This massive, rusty pole with a pair of crossbars at the top has been in place on Glenwood Road near Rockaway Parkway for almost a hundred years, and pure inertia keeps it there. I suppose one of these years the city will get around to removing the remaining cluster of poles that supported trolley wires at the terminal of the Canarsie Line subway, as the city has done in just about every other place the poles were except for Surf Avenue in Coney Island, but you never know when that day will come and so I keep making pilgrimages down here to see them. Trolleys haven’t run on Rockaway Parkway since 1951, but this pole didn’t support wires on that line.
Instead, the brackets are at an angle facing away from Glenwood Road. That’s because they faced a trolley right of way that was an extension of the Canarsie Line that ran through back yards parallel to East 96th Street and ran all the way down to the Jamaica Bay waterfront, where, in the early years of the 20th Century, there was an amusement park. That trolley line hasn’t run since 1942, when much of Canarsie was still rural.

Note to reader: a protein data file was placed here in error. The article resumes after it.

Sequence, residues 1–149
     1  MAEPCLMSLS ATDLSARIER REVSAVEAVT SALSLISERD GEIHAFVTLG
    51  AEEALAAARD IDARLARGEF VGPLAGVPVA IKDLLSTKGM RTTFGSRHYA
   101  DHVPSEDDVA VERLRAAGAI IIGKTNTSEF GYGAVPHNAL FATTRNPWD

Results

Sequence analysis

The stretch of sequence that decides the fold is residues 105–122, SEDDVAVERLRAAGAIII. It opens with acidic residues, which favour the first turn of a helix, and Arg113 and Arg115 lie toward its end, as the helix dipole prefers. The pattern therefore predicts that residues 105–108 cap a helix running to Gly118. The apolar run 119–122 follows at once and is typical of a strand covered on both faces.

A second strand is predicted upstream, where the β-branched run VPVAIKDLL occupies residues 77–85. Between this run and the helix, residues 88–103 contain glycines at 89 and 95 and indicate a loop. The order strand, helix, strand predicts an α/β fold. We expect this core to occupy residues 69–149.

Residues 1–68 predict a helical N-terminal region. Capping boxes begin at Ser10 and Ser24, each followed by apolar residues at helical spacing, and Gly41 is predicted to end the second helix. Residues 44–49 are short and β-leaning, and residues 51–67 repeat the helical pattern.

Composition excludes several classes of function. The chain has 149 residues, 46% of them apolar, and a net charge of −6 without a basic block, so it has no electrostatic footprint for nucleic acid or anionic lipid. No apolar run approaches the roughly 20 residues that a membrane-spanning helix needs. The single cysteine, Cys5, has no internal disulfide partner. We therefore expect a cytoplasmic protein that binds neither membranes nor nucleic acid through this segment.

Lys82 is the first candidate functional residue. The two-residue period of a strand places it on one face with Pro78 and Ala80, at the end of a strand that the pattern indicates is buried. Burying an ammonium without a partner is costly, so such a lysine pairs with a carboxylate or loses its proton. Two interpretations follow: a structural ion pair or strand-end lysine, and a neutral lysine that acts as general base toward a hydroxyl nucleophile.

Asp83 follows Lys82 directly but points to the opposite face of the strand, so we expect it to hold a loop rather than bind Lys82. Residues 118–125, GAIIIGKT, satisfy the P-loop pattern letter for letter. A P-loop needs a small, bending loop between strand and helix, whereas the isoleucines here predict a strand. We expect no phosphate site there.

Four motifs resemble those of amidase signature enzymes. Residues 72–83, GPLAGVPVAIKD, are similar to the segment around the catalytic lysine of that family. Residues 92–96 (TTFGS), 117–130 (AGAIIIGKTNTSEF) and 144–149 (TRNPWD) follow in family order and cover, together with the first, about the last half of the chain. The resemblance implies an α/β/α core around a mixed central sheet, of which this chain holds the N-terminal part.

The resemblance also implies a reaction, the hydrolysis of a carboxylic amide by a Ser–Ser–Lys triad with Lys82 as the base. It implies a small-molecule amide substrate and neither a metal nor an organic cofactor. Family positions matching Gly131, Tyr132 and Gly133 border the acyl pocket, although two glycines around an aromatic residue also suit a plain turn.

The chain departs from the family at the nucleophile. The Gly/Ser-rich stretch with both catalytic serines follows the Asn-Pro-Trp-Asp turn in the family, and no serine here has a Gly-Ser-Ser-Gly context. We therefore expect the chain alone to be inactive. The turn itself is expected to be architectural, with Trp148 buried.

But every time I pass this pole on Glenwood Road, and notice the strange angle, I’m mindful of that trolley line I never saw and what Canarsie used to look like, and that’s why the webmaster keeps Forgotten New York going, now close to 17 years as of late 2015.
Much more upcoming in Canarsie, since I did an extensive walk in its southern reaches in October 2015, looking for old farm lanes.